26 April 2020
Acts 2:14, 22-33
1 Pt 1:17-21
“Then Peter stood up with the Eleven,
raised his voice and proclaimed . . . . “
Is this the same man who denied Jesus three times? Is this the same man whose incomprehension provoked Jesus to say, “Get behind me satan?” Is this the Peter, who a few days earlier swore he did not know this Jesus of Nazareth and is now proclaiming that He is risen from the dead? Peter, whose nerve failed him at the first hint of threat, is now professing Jesus as the one of whom David spoke. Fearful of being known as one of His disciples while huddled around a fire in the courtyard during Jesus' trial, Peter is now preaching what, to many ears, was blasphemy--a capital offense at the time . He was telling all who could hear that Jesus had risen from the dead. Talk about a makeover!
What did Peter look like as he made these bold and dangerous statements?
It is likely he did not resemble the cowering man in the high priest’s courtyard who said, “I do not know Him.” Something fundamental had changed. The change was not subtle. Peter was taking an enormous risk when he spoke. Of course this was after Pentecost. Filled with the Holy Spirit it is obvious that Peter now understood that which he had failed to comprehend earlier.
Luke’s narrative of the encounter on the road to Emmaus, with its expertly set scene, is ripe for contemplation. One can sense the despondency of the two men. Their weariness is palpable. There are hints of disbelief and fear as they make their way toward Emmaus. Are they walking away from Jerusalem because their hopes have been destroyed? Are they retreating because Jesus was not the Messiah of their dreams? What were they “conversing and debating” about? Conversing is a neutral word but debating suggests disagreement and attempts by each to change the other’s mind. Who was winning?
They stopped talking when Jesus appeared. They were shocked that their unrecognized companion was not aware of the events that had taken place in Jerusalem. Jesus’ impatience with them is palpable. It is approximately seven and one-half miles (or twelve and one-half kilometers) from Jerusalem to Emmaus. Jesus began with Moses and all the prophets and explained “what referred to him in all the Scriptures." The conversation must have been a long one.
Like the entire Jewish nation the two disciples had had hopes for the Messiah. Many of their hopes and the hopes of the entire nation were attached to the politics of the day; driven by Israel's desire to be free of the yoke of Roman domination. They had desires for the one of whom David spoke to be a military leader, a super-politician, and a social reformer all at once. Today, in addition the skills of a five-star general and a unifying politician, we want the one of whom David spoke to have a sufficiently relaxed moral compass that endorses any action that feels good no matter the fundamental wrongness of the act.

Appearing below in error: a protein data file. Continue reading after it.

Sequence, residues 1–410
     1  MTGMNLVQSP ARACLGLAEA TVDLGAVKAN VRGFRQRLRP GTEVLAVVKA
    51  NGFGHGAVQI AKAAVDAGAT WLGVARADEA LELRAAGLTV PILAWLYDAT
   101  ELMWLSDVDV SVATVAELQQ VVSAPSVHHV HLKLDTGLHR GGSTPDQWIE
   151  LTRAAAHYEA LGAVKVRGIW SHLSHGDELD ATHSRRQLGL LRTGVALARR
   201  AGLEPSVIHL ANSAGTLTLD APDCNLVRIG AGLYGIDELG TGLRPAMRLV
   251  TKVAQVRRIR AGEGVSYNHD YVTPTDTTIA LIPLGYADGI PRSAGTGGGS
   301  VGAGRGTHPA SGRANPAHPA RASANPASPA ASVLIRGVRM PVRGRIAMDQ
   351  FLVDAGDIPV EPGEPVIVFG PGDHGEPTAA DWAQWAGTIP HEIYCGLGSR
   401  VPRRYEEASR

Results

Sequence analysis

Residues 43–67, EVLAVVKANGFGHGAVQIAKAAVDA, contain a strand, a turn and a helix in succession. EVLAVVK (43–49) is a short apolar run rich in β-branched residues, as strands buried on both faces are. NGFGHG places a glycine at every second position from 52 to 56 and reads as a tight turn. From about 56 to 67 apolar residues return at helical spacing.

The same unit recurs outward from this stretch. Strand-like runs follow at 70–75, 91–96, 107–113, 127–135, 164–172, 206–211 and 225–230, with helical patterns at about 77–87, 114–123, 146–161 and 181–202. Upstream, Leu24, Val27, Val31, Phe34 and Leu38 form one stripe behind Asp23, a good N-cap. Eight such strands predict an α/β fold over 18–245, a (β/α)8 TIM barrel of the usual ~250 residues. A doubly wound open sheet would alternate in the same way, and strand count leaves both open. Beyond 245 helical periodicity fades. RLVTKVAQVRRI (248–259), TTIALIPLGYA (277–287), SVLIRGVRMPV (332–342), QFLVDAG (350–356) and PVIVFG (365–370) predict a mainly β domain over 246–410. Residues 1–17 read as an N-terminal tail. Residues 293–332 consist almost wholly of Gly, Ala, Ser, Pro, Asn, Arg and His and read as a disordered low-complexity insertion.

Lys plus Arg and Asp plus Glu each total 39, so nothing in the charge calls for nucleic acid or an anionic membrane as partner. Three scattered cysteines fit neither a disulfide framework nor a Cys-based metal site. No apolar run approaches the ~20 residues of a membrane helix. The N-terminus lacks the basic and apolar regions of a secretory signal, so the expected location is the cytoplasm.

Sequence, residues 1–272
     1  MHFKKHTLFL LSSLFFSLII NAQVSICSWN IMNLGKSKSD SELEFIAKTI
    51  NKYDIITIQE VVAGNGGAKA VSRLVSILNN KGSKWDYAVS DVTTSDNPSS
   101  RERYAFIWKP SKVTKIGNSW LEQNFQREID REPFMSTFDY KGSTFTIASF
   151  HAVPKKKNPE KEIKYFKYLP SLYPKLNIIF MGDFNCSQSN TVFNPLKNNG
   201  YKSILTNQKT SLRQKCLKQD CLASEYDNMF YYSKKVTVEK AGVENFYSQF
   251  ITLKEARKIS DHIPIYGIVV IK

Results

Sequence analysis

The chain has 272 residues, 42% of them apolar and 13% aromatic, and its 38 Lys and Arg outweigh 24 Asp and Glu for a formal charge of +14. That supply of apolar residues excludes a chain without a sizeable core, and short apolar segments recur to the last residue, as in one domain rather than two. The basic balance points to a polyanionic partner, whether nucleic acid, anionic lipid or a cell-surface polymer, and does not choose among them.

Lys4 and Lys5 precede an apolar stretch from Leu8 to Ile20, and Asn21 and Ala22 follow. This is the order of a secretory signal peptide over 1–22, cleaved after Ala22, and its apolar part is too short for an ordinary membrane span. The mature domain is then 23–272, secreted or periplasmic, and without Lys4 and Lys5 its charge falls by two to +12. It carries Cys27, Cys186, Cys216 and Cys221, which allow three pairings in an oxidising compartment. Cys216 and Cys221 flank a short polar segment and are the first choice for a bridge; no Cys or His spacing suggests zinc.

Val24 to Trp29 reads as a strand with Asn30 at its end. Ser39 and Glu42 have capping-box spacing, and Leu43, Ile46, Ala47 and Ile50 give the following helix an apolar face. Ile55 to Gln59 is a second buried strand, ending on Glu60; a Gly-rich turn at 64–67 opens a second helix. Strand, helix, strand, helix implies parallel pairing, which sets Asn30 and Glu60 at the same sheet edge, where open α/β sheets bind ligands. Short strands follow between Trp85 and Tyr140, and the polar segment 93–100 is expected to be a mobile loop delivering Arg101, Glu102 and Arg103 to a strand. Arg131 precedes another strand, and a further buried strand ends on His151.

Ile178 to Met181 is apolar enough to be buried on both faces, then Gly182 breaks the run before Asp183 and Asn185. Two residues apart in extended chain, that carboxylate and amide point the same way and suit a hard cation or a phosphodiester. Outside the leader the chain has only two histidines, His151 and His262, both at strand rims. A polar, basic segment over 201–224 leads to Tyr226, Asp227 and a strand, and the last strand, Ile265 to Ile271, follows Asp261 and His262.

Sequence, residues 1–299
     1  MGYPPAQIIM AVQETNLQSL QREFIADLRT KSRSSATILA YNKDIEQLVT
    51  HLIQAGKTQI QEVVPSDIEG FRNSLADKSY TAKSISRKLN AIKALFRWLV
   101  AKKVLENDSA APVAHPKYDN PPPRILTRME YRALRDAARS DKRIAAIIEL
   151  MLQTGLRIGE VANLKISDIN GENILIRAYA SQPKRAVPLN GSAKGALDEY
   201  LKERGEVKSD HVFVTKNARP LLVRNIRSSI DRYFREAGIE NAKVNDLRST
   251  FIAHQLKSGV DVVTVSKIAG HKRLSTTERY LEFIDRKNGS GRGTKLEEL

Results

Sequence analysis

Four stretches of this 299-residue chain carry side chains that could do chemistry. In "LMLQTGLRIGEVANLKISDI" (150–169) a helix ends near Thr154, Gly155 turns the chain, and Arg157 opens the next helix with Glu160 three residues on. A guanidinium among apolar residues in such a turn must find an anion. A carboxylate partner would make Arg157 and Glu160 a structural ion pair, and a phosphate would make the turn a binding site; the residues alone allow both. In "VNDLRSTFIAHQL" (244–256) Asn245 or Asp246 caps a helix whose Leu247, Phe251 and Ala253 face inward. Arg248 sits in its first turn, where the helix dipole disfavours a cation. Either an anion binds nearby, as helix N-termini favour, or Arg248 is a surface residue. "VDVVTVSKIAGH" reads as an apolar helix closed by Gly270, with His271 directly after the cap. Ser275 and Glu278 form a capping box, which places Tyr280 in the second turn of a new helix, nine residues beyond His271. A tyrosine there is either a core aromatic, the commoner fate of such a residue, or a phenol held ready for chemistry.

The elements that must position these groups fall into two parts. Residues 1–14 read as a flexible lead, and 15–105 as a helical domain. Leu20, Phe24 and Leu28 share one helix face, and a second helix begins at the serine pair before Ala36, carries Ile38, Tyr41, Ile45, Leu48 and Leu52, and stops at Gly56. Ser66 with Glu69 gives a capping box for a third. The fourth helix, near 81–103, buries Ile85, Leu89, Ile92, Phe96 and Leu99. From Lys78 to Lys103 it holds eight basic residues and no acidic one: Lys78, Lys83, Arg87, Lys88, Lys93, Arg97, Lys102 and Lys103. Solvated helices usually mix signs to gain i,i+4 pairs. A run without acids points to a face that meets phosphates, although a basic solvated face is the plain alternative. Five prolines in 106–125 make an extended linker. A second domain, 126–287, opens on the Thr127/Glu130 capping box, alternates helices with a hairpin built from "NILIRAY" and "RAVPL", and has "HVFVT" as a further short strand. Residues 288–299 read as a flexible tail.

Jesus fulfilled none of Israel's expectations. Jesus will fulfill none of those expectations today. Given that he seemed to be apolitical it is ironic how often Jesus’ message is politicized and twisted to promote a particular agenda on both the left, the right, and the center. "You cannot call yourself a Christian if you do not . . . . . . (fill in blank with pet agenda)." The only thing one can say about this statement is that it is breathtakingly manipulative and on par with a comment during the last presidential campaign: "You cannot be a democratic candidate if you don't support abortion."
Jesus was not the Messiah Israel wanted. He was the Messiah Israel needed. Jesus is not the Christ we want Him to be. He is not the Messiah we try to force Him to be in our attempts to remake God in our own image. He is the Christ we need, if we only allow him to be that.
Jesus’ two companions on the road to Emmaus were consoled after the fact. “Were not our hearts burning within us while He spoke to us on the way and opened the Scriptures to us?” They immediately began the seven and one-half mile walk back to Jerusalem to share the news. It must have been a difficult trip in the dark and cold of the desert night.
When we pray we are on the road to Emmaus. In prayer we are forced to recognize the One who joins us along the way. We continually meet Him on the road though we may not recognize Him at first. We encounter Him in a particular and intimate manner every time we partake of the Eucharistic Feast.
Recall the dialog just before communion as the Sacred Body and Blood of Our Lord are elevated above the altar.
"Behold the Lamb of God,
Behold Him who takes away the sins of the world.
Blessed are those who are called
to the supper of the Lamb."
And attend to the response.
"Lord, I am not worthy
that you should enter under my roof,
but only say the word
and my soul shall be healed."
Stay with both those thoughts
for the rest of today.
He is Risen.
He is truly Risen.
Glorious day in Boston today. Went over to campus with camera. Spent about two hours in and around St. Mar's Hall .
Behind the altar at St. Mary's Hall (Jesuit Residence). The stained glass is magnificent.
A better depiction of the warm purples and reds.
The main altar.
Standing at the main altar looking toward the back.
The door from the chapel to the residence. Love the wrought iron grating between the glass panes.
the organ loft.
The main entrance. BC's colors are maroon and gold. Tulips approximating that are planted annually.
Reflecting in a window.
Different settings of the same basic scene.
Blossoms framing the tulips.
Loved this effect. So, I posted another.
+ Fr. Jack, SJ, MD